Back in the Summer of 2013, the Dallas Stars were rumored to be in on former Vancouver Canucks head coach Alain Vigneault. The word was that Vigneault was the Stars’ top choice, but Vigneault instead signed with the New York Rangers, and the Stars ended up hiring former Buffalo Sabres coach Lindy Ruff.
Five years later, Dallas is once again in the market for a head coach following Ken Hitchock’s retirement, and Alain Vigneault is once again on the market. There’s no word yet as to whether the Stars will want to hire Vigneault this time around, but if they do, Vigneault will almost certainly sign with the the team. In fact, it doesn’t matter who the Stars want as their next head coach, they’ll probably get him.
There are two main reasons for why this is the case. First, there aren’t many current head coaching vacancies in the NHL. As of today, the Rangers are the only team that have fired their current coach, despite several teams (the Edmonton Oilers and Ottawa Senators come to mind) that have had extremely disappointing seasons. Some non-playoff teams, such as the Detroit Red Wings, have even confirmed their head coach will be returning.
Of course, there could be more jobs that open up in the coming weeks. The Carolina Hurricanes and Calgary Flames could still make a change. It also wouldn’t be surprising if the Washington Capitals fire Barry Trotz if they make another early exit from the playoffs. However, for the time being, the Stars and Rangers have a leg up on the rest of the competition.
Even if several teams fire their head coaches by tomorrow, the Stars should still be able to hire their top choice. That’s because with the exception of maybe the Capitals — again, if they fire Trotz — the Stars provide the best chance for a new head coach to instantly succeed.
Let’s take a back look at the 2013 roster. The Stars had a rising star in Jamie Benn, the popular choice for “most underrated player in the league” in Loui Eriksson, and that was about it. Sure, the Stars had several quality players like Alex Goligoski and Kari Lehtonen, plus a few young prospects like Jamie Oleksiak and Reilly Smith whose futures seemed bright (you can view the full roster here), but as far as top tier talent went, the Stars’ cupboard was a bit bare.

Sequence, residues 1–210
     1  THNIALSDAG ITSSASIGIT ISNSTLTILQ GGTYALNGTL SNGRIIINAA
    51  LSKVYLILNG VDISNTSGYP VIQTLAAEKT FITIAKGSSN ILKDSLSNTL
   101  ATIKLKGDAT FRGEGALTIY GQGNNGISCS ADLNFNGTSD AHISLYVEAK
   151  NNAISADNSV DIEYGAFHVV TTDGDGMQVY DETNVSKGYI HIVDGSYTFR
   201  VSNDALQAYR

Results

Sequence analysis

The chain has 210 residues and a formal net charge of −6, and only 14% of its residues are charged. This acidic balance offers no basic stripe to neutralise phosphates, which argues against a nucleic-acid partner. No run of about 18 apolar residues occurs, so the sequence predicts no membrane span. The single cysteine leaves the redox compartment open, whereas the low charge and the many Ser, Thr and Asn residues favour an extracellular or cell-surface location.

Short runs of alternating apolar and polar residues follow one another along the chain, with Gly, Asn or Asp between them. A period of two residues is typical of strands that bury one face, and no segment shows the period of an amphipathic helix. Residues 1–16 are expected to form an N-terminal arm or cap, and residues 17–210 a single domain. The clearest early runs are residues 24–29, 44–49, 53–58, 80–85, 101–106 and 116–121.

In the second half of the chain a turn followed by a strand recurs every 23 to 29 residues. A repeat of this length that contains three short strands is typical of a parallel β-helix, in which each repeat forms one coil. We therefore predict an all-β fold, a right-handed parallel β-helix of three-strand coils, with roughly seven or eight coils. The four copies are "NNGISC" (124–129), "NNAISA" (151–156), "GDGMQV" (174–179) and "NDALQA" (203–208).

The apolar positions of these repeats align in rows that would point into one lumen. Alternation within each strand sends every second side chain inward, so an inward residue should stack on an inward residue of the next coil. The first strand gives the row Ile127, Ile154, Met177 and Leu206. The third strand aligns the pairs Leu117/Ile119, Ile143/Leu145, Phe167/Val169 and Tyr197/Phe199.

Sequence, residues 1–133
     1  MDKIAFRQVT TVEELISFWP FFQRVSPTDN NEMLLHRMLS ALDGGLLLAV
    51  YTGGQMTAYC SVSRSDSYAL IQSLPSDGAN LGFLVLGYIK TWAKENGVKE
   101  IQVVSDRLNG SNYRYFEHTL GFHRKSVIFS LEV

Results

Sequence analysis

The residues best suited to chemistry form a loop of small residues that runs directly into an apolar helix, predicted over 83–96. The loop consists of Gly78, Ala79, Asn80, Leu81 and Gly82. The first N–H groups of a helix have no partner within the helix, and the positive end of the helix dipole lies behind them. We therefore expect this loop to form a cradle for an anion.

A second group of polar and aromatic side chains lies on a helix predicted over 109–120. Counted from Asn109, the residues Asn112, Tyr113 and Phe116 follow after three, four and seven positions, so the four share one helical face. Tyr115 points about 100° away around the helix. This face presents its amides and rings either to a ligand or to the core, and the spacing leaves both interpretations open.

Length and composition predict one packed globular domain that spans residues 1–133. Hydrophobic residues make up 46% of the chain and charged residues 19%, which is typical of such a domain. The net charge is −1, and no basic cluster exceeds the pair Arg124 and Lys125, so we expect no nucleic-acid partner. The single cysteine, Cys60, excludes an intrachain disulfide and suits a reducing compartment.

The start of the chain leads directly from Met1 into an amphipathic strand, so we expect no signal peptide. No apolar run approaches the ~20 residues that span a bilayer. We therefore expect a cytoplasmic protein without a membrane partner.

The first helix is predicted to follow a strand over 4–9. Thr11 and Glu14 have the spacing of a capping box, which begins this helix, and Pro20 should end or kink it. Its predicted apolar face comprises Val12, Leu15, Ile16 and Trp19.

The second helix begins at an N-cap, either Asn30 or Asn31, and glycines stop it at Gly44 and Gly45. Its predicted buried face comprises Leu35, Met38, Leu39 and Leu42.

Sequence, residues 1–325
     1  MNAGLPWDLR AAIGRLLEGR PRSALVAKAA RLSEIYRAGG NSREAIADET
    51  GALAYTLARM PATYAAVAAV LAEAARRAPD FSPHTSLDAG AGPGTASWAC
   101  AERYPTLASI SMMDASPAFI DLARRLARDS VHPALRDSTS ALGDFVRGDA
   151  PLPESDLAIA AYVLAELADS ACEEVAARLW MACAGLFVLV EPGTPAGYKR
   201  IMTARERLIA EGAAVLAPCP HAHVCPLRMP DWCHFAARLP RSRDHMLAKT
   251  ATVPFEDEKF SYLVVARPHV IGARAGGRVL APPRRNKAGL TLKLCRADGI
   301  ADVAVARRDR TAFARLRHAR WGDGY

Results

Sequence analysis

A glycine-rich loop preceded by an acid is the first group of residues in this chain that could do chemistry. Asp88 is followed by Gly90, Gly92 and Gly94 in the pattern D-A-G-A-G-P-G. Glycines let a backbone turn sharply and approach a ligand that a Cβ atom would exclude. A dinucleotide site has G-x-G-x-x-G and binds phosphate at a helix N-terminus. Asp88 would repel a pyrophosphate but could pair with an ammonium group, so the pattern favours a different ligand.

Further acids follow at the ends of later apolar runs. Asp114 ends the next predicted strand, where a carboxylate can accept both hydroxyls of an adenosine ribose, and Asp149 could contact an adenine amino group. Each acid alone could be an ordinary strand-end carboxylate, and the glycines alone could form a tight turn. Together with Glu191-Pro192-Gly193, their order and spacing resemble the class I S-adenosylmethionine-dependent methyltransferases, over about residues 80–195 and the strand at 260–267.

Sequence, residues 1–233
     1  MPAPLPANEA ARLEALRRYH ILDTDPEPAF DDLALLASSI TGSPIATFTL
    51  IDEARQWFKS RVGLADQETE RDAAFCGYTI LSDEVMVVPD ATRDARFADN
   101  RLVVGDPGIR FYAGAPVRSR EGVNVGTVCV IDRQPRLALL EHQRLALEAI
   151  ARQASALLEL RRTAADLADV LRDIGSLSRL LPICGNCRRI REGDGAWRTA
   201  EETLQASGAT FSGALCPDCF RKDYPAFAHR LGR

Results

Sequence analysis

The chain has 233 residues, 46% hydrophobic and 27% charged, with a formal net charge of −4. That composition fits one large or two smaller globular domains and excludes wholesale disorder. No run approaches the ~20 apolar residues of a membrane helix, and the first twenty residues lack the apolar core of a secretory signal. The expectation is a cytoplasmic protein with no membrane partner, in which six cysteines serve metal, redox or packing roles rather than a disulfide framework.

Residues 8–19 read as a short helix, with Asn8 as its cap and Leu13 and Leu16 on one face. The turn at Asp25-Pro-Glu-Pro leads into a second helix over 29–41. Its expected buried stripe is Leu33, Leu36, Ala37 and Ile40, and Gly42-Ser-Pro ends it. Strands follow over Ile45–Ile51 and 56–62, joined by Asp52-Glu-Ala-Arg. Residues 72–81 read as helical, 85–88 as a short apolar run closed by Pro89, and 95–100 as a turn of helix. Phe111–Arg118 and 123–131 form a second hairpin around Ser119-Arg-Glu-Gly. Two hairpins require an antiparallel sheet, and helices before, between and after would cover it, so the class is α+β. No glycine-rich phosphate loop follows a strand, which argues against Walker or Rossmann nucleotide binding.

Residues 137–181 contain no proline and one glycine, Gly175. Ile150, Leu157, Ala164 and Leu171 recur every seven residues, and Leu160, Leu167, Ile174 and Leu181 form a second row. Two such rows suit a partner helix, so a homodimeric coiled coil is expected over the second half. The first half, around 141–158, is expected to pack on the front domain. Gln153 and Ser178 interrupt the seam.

Fast forward to today, and the only player from that 2013 team under contract going forward is Jamie Benn, who has since won an Art Ross Trophy and developed into one of the top left wingers in the league. The team also has top center Tyler Seguin in his prime, Norris Trophy candidate John Klingberg on a cheap, team-friendly deal, former Vezina Trophy finalist Ben Bishop, and UFA home-run Alexander Radulov.
That’s not to mention young players such as Radek Faksa and Esa Lindell who look ready to take the next step forward, plus prospects such as Jason Dickinson, Julius Honka (if you could call those two “prospects” anymore), and Miro Heiskanen primed to make a serious impact next season.
Simply put, the Stars have a wealth of talent currently on the team. This roster was being talked about as potential Stanley Cup contenders before this season started, and had they not gone on an eight-game losing streak in March, they would be playing playoff hockey today. So when you consider that the team should be even better next season, the Stars’ job of head coach feels like it will be the most coveted job on the market, regardless of what else might become available.
So, while I’m not sure as to whom the Stars might target this offseason to fill the position, I do feel confident saying this much — whoever the team’s top choice is will almost be certainly be behind the bench in Dallas next year.